Step-by-step instructions on how to make this fantastic butter!
The yield depends on the amount of water the butter you use has. I estimate roughly 20-25%
- 1 pound unsalted butter
- Melt butter in a medium saucepan with tall sides (a few inches or so depending on the amount of butter you're browning) over medium heat.
- It will foam at first and spurt, so be careful! Don't stand too close to the saucepan.
- It will melt and will start to bubble and make a furious noise (this will be louder depending on the amount of water the butter has).
- Then, the bubbles will become smaller and it will gradually stop chirping (really, it's a chirping noise, you'll see) and will foam quite a bit (images below).
- Be careful as it will start browning underneath the foam. You will smell a nutty aroma.
- It's very important that you split the foam with the spoon or spatula you're using and see that it doesn’t burn. You want it to be an amber color. Similar to caramel, it goes from amber to burned in a short moment, so be careful.
- Take it out and put it in a shallow pan so it stops cooking (image below, right).
- The shade goes from light to dark in seconds, just like that (image below). The flavor deepens as it colors, but be aware that, just like it happens with caramel, it goes from wonderfully dark-colored and deep flavored to burned and useless.
- Allow to cool and refrigerate until cold. Read the recipe carefully, because usually butter is used at room t°, so it doesn’t need to solidify completely.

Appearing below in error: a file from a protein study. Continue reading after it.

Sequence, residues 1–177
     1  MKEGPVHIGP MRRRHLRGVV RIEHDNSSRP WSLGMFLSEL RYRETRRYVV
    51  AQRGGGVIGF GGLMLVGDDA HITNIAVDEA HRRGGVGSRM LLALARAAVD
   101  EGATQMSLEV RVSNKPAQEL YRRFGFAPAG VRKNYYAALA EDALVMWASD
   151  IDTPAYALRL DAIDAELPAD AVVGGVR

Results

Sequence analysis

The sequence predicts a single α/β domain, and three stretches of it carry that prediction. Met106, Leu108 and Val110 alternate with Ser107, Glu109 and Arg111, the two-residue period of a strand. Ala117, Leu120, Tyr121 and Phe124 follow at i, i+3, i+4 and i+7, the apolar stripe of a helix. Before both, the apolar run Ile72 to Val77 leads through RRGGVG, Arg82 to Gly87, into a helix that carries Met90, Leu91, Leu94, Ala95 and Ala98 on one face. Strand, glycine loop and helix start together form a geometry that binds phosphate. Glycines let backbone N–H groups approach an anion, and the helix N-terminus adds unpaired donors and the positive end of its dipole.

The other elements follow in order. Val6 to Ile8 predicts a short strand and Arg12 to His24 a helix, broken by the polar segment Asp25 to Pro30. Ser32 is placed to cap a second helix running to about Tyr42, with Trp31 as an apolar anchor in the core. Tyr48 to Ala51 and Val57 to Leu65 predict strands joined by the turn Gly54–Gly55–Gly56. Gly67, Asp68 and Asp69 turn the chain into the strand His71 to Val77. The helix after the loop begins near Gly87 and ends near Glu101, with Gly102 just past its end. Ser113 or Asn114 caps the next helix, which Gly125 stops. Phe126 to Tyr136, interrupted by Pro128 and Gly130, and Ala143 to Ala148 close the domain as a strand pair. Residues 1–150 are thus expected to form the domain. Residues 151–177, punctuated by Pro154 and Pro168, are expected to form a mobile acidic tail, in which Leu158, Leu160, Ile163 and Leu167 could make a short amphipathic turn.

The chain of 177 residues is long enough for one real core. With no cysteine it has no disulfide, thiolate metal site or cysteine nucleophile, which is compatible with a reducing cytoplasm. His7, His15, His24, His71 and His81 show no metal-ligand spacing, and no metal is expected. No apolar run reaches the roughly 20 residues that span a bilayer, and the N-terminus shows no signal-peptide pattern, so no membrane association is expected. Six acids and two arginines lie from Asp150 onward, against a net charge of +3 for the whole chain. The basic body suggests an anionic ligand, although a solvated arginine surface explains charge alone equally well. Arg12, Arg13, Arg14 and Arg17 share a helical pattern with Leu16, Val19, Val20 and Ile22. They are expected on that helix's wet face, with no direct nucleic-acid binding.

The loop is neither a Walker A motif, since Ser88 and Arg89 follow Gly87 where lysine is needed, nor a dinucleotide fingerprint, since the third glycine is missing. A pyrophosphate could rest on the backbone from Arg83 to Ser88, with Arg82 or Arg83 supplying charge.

- Color: be very careful during the last stage of the recipe, when the butter stops chirping and a thick foam gathers on the top. The butter starts to burn quickly at this point, so make sure you separate the foam with a spatula and check the bottom is not burning. The darker the color the deeper the flavor. Just make sure you don't get a burned flavor!
- Solids: as the butter browns, the solids burn and deposit in the bottom. You can use it with the solids or without. Your choice. Sometimes the butter is deep-colored and that means the solids are almost burned, so it's better to leave them behind.
- Bulk browning: I make this recipe 1 pound at a time. Then I refrigerate it until and need it as regular butter. It will have a different consistency of course. But the results in cakes, muffins, and cookies are exceptional.
- Storing: keep refrigerated in tightly closed. It lasts for a week, but always ckeck it before using. Don't use it if it has a rancid smell or a weird texture. It can also be frozen.
- Soft brown butter: usually we make it and refrigerate it. But read the recipe you're going to make carefully, because most times butter is used at room t°, so it doesn’t need to solidify completely.
Keywords: brown butter